Friday Harbor’s Haunted Past And Present



As one of the few west coast seaports to have never lost its pioneer core to a fire, Friday Harbor is graced with many buildings dating back to the 1880s and 1890s. Buildings made not only of wood and nails, but also stories of long ago … and sometimes, as some say, spirits of an unearthly sort. These buildings invite us to hear their stories, and although not always historical recollections, important for a town’s folklore, nonetheless.

Would you like to hear a few of them?  Let’s start on A Street, just above the ferry lanes.

Serendipity Used Books / Old Presbyterian Manse 1892

223 A Street

“I know what I saw.”

This charming shop was built in 1892 as a private residence and became the Presbyterian Manse in 1903. Many years later, it was sold and reverted to a private residence before finally becoming the eclectic book shop we enjoy today. It has a quite recent ghost story. One morning, when the shopkeeper arrived to open up the shop, she saw a woman gazing out from the window seat by the front door. She thought the woman must be a guest of the bookshop’s other owner. While turning her key in the front door lock, she saw the figure stand up from the window seat. She noticed that her attire was a black duster style coat, such as was the fashion in the 1950s. The woman had a “strong demeanor,” accentuated by upswept black hair. Once inside the shop, she realized the woman was nowhere to be seen. She called to her, but there was no response.

Later that day, the shopkeeper mentioned this odd experience to a friend. Before long, word had spread through the town. Members of a family who had lived in the home in the 1940s and 1950s came to the shop, carrying an old photo album. Could the guest have been the spirit of one of their relatives, they wondered? Page after was page was turned, but with no recognition. Until one startling photo appeared to match the woman seen in the window seat. A previous homeowner who had passed away in 1957 was easily identified as the proper lady in black. Although the shopkeeper describes herself as someone who “does not do woo-woo or even have feminine intuition,” she stands by her statement that “I know what I saw.” When you visit to browse Serendipity’s vast collection of books, glance a time or two at the window seat. A properly attired lady in a duster coat may appear. For just a brief moment.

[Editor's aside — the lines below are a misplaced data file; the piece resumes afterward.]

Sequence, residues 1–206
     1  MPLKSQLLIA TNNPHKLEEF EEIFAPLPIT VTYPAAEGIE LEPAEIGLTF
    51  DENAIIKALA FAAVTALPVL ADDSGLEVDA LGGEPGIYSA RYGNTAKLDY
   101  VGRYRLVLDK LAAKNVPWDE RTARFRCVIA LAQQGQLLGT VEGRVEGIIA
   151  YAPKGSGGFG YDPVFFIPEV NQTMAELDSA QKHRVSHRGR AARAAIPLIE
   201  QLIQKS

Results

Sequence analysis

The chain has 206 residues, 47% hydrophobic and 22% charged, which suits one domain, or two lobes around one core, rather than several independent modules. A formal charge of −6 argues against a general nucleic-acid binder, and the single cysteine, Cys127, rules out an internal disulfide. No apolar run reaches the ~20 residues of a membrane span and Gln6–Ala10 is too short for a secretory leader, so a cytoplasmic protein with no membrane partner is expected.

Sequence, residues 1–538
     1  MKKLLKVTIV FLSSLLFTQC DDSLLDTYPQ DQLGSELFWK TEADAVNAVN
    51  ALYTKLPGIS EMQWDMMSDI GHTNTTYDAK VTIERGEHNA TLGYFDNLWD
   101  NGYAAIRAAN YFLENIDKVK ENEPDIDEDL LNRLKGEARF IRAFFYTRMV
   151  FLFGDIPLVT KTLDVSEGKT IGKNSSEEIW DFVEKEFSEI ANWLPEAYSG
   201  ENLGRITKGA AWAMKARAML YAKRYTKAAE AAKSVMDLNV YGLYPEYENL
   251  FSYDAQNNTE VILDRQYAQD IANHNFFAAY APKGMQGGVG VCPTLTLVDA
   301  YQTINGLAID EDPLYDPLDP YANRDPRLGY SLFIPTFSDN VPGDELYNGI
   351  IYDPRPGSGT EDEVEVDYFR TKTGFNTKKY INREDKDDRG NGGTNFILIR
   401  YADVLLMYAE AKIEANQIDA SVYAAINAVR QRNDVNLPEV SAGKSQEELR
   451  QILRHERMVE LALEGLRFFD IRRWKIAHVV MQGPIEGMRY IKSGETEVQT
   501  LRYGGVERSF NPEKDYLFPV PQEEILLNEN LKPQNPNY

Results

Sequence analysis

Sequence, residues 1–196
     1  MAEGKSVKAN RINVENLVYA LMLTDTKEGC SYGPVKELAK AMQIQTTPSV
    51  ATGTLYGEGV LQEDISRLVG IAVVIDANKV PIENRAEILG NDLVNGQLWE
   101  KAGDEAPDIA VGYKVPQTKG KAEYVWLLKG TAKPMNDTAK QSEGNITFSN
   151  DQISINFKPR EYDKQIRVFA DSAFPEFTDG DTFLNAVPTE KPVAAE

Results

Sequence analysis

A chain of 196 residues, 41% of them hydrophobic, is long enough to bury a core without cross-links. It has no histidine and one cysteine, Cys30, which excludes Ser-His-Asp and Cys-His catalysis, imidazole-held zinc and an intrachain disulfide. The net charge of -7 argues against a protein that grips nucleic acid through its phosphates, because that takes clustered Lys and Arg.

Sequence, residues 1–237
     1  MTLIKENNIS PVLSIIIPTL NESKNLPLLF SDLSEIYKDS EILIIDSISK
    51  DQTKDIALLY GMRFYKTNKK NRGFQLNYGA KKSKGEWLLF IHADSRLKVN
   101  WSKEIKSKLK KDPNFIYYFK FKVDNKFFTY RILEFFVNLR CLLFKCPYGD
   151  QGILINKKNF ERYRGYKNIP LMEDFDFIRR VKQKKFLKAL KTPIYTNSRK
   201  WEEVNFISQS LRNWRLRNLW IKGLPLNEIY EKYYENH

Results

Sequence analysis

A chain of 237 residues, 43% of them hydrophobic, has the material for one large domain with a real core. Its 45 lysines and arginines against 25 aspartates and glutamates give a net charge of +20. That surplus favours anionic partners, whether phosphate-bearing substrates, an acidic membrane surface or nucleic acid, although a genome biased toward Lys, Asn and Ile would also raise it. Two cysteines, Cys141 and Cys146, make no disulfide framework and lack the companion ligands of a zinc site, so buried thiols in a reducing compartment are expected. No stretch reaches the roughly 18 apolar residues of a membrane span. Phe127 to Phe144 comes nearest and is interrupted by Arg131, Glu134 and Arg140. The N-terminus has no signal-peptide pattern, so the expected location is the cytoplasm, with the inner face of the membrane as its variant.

Windermere Realty / San Juan Inn c1880

50 Spring Street

“Walter sits in the parlor.”

The main and most active street in Friday Harbor has always been Spring Street, rising up from the waterfront. For most of its existence, the 1880s building now home to Windermere Realty served as a popular inn. So popular, it appears, that one guest who checked in, never checked out. He has been described as “a short, pudgy fellow with a smile and a mustache, dressed in a grey flannel suit and hat.”  This is Walter.

One of the stories goes like this: On an October morning, an innkeeper was serving breakfast in the parlor when a guest sat in Walter’s favorite pink, over-stuffed wingback chair. Suddenly, there was a loud clatter. The guest exclaimed “Do you have ghosts? I just saw a cream cheese knife levitate and slam down on the floor.” It was assumed by the innkeeper that Walter wanted his favorite chair back, and was a little short-tempered after a busy summer season. It’s probably a good thing that the building is now a realty office. Walter’s favorite chair has been replaced with swanky modern furniture, but some think it could be interesting to have one pink over-stuffed chair in the corner. And to see what happens.

The Whale Museum / Odd Fellows Hall 1892

62 First Street

“The verdict of murder in the first degree was returned shortly after the midnight hour…there was a weird and ghostly appearance to the scene.” –1895 court reporter